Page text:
Wednesday, September 12, 2012

Food Prices and Political Crises

The New England Complex Systems Institute has updated its briefing on the relationship between food crises and political crises, with particular attention paid to the region of the Middle East and North Africa.  The bottom line, overly-simplified is this: when global food prices go too high, the MENA countries experience an increase in the frequency of political unrest.  All of the MENA countries are net importers of food calories, much of it in the form of bulk grain.  Several MENA countries import more than a million metric tons of corn, rice, and wheat per year: Algeria, Egypt, Iran, Iraq, Israel, Morocco, Saudi Arabia, Syria, Turkey, and Yemen.  Egypt alone imports over 15 million tons, more than 400 pounds per person.

The NECSI results are summarized in this figure.  The black line shows nominal food prices; the vertical red lines are incidents of political unrest, many of them concentrated in the "Arab Spring" of 2011.  The paper develops a model and a price threshold at which political unrest is likely to occur.  Based on current predictions of price increases (US corn prices reached record highs in August, but have retreated somewhat since then), the model predicts that another round of incidents will begin in the region in October, 2012.

What's driving the price increases?  One large factor is the drought that spread across much of the US grain-growing regions this year (weekly maps showing the extent can be found here).  The higher prices reflected a belief that US grain output would be significantly smaller (although today the USDA announced that the corn crop may not be quite as bad as has been previously feared).  A second factor is the use of corn as a feedstock for producing ethanol for use as a transportation fuel in the US.  The US has a renewable fuel standard that requires an increasing total amount of ethanol to be blended into gasoline supplies.  While the overall situation regarding ethanol is complex [1], the ethanol industry will still purchase large amounts of the corn crop this year.

The NECSI work provides a nice formal mechanism quantifying something that I find myself saying too often: "Drought in the US means that Africa starves."  To a lesser extent, you can replace the US in that statement with Argentina or Australia.  The reduced US grain crop follows relatively poor harvests in both Argentina and Australia, two other major grain exporters.  You can also replace drought with increased domestic demand and get the same result.  US ethanol mandates may be fine domestic policy -- although there are lots of analysts who disagree with that -- but terrible global policy.  And not just in terms of millions of starving people.  The MENA countries produce and export a lot of oil.  Political unrest generally disrupts activities like oil production (oil pipelines are easy targets for dissidents).  High prices for global grain exports could conceivably lead to higher prices for global oil exports.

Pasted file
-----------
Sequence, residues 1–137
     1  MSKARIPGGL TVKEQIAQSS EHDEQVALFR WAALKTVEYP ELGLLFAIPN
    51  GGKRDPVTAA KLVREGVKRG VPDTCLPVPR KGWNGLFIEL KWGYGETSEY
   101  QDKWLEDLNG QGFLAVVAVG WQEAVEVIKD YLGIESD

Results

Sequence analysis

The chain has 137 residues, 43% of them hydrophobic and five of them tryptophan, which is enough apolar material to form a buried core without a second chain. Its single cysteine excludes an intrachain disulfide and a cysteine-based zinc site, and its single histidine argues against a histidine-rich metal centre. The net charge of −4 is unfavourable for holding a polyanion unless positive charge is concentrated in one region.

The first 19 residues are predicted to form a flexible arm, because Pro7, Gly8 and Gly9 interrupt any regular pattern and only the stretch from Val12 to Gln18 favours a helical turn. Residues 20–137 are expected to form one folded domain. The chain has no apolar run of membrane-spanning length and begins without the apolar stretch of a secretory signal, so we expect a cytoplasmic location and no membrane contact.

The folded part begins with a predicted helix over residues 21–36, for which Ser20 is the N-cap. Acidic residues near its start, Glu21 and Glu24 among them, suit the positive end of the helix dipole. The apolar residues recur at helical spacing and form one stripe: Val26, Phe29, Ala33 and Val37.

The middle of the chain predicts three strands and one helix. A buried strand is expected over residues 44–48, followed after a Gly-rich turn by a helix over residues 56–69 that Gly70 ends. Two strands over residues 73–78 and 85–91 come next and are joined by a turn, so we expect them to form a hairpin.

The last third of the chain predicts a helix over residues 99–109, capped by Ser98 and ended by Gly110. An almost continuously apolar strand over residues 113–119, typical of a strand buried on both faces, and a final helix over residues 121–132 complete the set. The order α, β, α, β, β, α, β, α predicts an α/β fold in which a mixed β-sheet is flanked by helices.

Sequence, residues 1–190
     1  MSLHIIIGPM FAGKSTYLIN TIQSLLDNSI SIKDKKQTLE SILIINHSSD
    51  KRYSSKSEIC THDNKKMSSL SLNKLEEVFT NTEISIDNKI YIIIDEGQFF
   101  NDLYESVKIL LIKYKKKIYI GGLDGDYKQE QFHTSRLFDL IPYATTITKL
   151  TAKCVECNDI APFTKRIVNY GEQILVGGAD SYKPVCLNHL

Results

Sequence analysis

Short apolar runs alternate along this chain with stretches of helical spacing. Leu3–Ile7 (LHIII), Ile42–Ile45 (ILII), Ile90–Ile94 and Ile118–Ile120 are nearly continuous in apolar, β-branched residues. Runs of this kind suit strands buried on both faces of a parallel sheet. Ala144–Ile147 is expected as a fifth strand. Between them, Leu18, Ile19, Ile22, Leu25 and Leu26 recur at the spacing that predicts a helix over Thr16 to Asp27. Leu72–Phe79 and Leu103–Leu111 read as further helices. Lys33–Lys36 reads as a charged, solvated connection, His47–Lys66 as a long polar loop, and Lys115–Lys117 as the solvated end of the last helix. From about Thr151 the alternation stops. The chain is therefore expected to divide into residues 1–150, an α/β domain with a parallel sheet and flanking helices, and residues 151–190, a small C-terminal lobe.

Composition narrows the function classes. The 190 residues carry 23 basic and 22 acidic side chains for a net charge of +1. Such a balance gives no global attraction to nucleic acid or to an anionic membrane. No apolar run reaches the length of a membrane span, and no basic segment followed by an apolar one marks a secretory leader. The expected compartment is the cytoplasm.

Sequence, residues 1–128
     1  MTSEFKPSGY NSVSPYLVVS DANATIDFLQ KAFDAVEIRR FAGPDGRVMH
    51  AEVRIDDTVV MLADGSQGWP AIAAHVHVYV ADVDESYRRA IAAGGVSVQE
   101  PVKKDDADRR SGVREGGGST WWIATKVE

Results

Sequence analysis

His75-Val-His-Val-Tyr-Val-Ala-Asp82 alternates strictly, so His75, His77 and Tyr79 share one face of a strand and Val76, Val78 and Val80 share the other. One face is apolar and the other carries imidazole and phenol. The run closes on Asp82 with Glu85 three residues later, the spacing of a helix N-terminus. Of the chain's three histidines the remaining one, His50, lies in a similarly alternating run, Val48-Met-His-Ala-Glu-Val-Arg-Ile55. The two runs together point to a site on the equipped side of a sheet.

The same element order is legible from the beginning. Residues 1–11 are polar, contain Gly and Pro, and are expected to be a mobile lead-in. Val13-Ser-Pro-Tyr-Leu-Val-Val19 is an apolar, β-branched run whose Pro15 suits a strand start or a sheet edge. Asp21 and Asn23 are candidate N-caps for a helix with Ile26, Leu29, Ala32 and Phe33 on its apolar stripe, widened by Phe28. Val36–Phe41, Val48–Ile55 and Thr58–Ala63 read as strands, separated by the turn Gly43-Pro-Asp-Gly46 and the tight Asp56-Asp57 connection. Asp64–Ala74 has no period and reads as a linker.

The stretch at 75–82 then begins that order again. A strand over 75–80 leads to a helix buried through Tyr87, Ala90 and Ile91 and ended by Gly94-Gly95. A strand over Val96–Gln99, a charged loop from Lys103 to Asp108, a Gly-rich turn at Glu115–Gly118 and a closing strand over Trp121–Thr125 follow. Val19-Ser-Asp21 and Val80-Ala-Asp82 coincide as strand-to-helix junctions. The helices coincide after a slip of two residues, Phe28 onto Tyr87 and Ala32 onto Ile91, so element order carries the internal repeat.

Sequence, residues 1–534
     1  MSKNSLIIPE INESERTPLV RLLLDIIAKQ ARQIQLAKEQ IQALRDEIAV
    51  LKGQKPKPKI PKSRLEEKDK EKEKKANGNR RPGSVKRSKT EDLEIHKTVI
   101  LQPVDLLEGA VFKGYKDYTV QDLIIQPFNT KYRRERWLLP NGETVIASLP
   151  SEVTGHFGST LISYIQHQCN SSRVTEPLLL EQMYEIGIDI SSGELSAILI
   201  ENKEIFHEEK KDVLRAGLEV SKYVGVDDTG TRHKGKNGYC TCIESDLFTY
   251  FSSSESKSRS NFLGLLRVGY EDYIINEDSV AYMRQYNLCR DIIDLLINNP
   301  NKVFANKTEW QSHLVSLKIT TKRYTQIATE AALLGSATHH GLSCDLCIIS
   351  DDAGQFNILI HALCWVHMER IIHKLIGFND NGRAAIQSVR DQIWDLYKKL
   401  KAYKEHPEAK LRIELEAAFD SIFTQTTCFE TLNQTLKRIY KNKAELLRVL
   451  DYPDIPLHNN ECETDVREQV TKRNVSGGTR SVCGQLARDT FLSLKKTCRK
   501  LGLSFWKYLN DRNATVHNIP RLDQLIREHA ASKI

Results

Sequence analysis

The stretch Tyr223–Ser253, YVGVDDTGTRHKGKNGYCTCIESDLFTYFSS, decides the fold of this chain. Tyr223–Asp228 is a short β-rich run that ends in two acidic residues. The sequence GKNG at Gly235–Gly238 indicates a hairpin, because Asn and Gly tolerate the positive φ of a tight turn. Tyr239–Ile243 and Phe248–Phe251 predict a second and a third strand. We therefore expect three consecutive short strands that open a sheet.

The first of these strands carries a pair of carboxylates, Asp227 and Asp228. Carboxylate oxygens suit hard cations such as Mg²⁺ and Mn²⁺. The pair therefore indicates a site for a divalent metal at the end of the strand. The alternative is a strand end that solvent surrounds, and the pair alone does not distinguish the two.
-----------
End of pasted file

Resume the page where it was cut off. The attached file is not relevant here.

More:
Aren't complex dynamic systems, filled with feedback loops and time delays, fun?

[1] The penalties for failure to meet renewable fuel standard requirements are fines; companies may choose to pay some fines rather than very high prices for ethanol.  In previous years the oil industry blended more ethanol than required, accumulating credits that could be used to offset a shortfall and avoid fines this year.  Blended ethanol raises the octane of the final gasoline product; there are minimum octane requirements; the alternatives to ethanol may be more expensive, which would cause the oil industry to continue to use ethanol even at higher prices.  Based on the years I spent working for large corporations, I can guarantee that someone -- probably many someones -- is busily trying to solve an optimization problem that minimizes the costs of all the factors in aggregate.

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